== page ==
Elyakim Rubinstein, deputy chief of mission at the Israeli embassy in Washington when Pollard was arrested, and presently attorney general, has been a particularly eloquent advocate of direct intervention by the Israeli government on behalf of Pollard. In an op-ed article in the Jerusalem Post, for example, he wrote "it was only appropriate that the government should do its best for Pollard, as it did for his wife. And it should act not through an independent public committee, but directly. It is true that Israel has no formal judicial standing in the matter vis-a-vis the US government. But just as the US has turned to us not infrequently on humanitarian issues, so should we now turn to them. Our US colleagues understand this."

A minority of voices, however, have been critical of Israeli efforts to free Pollard. "We made a mistake right at the beginning, and anything we do now can only compound the errorwhen the government intervenes, directly on Pollard's behalf, all it does is revive suspicions about its direct involvement in the affair," wrote Shlomo Gazit, a former army intelligence chief.

Government support

In recent months the Israeli government has taken a more tender stand in its dealings with Pollard and a firmer stand in pressing for his release. Israel finally granted Pollard citizenship on 24 January 1996, reversing its earlier position. It took 10 years for Israel to intervene on Pollard's request.

However, it was only in December 1997 that Israeli ministers were finally willing to make the journey to the Butner, North Carolina federal prison to actually meet with Pollard. Absorption minister and former prisoner of Zion Yuli Edelstein was the first, followed shortly thereafter by communications minister Limor Livnat. On the latter occasion Pollard called for Prime Minister Netanyahu and Labor-Opposition leader Ehud Barak to compose a joint declaration calling for his pardon and for that document to be addressed to President Clinton.

The press alleged that Foreign Minister, David Levy, is alleged to have criticized such "pilgrimages" to Pollard on the grounds that they anger the American authorities. A foreign ministry statement, however, subsequently denied any such stance. The Knesset has also become the venue of activity on behalf of Pollard, Labor MK Opher Pines having established a Knesset Caucus for Pollard which draws broad support across party lines.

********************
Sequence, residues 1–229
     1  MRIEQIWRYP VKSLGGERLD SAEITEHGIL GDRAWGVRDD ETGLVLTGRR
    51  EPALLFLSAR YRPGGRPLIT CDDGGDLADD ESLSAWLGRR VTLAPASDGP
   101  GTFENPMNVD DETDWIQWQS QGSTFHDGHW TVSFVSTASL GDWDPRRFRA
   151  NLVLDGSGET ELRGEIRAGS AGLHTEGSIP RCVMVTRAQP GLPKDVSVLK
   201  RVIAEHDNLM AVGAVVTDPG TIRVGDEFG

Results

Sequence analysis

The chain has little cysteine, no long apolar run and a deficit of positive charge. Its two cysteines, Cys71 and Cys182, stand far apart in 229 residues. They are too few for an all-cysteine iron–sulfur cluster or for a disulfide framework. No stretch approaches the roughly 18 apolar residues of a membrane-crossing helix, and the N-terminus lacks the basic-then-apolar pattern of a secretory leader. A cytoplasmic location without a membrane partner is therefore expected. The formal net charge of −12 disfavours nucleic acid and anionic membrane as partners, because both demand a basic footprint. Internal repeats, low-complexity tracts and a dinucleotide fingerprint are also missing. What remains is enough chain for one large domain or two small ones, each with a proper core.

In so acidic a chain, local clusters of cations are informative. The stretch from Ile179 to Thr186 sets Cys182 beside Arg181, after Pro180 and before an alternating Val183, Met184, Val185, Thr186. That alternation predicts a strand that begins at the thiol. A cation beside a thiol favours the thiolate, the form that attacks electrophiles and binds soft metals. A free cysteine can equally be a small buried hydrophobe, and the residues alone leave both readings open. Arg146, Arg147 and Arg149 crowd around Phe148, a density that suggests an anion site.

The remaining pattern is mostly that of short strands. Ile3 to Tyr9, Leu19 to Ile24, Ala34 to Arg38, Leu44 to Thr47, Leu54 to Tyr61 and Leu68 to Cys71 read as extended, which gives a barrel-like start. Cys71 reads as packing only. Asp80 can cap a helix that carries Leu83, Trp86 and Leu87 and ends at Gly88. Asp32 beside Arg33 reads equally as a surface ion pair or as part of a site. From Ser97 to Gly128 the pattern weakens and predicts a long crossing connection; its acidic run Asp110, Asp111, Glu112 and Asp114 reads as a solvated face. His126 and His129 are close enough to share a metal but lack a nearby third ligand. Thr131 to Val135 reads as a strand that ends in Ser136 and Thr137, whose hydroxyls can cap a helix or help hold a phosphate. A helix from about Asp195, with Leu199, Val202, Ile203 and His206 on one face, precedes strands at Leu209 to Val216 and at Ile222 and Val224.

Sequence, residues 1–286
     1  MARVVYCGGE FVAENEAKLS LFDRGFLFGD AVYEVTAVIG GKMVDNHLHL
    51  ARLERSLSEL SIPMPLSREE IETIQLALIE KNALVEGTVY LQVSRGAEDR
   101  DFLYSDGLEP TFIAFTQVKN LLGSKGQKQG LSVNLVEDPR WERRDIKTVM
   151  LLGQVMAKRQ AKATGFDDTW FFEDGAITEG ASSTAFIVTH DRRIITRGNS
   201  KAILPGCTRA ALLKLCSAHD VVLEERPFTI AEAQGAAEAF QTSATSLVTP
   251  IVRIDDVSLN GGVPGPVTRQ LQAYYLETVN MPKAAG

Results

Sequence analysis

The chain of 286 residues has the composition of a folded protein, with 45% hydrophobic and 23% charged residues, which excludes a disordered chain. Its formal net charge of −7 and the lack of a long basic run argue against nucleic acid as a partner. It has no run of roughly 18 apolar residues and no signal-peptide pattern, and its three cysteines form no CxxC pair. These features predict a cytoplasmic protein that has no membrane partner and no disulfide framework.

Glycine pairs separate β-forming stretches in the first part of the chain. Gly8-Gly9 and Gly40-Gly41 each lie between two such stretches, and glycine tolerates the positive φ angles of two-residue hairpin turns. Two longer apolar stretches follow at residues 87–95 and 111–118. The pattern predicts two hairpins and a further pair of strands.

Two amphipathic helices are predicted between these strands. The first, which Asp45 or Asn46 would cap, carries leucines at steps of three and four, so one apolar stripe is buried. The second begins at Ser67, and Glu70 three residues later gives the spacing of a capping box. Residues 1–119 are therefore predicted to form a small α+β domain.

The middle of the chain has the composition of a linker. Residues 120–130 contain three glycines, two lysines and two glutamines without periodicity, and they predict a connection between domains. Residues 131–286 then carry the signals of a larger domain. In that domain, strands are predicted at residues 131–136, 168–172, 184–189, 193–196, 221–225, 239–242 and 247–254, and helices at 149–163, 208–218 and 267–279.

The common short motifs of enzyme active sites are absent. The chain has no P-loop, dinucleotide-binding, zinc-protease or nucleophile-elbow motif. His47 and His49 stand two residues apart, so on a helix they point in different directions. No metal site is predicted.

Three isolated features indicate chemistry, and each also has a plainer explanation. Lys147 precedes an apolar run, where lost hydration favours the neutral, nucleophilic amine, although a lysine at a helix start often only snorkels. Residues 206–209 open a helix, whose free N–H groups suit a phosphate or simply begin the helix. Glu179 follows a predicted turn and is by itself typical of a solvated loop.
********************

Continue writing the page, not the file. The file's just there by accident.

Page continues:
The chorus of voices now calling for Pollard's release will likely expand. American Jewish leaders are expected to end their silence on the Pollard issue. With the 50th anniversary celebration of the creation of the State of Israel President Clinton will probably be asked to make a gesture and commute Pollard's sentence to the length of time already served.

The dual loyalty charge will probably never disappear entirely. Politicians with an ambiguous record on Israel find an attractive political weapon, as did President Bush. Still, it can be expected that as the assimilation and acculturation of American Jewry continues, this charge will become less and less relevant.

During the early years of the state, Israel did not hesitate to employ Jews for intelligence gathering and other security operations. Today, Israel can be expected to exercise considerably more caution in its use of Diaspora Jews for intelligence work. Israel has come under severe criticism from some Canadian Jews for its alleged use of Canadian passports in undercover operations. All told, the Pollard case can be seen as a watershed in defining the boundaries of Israel's relations with America and American Jewry. It can only be hoped that Pollard will not have to suffer much longer in the process.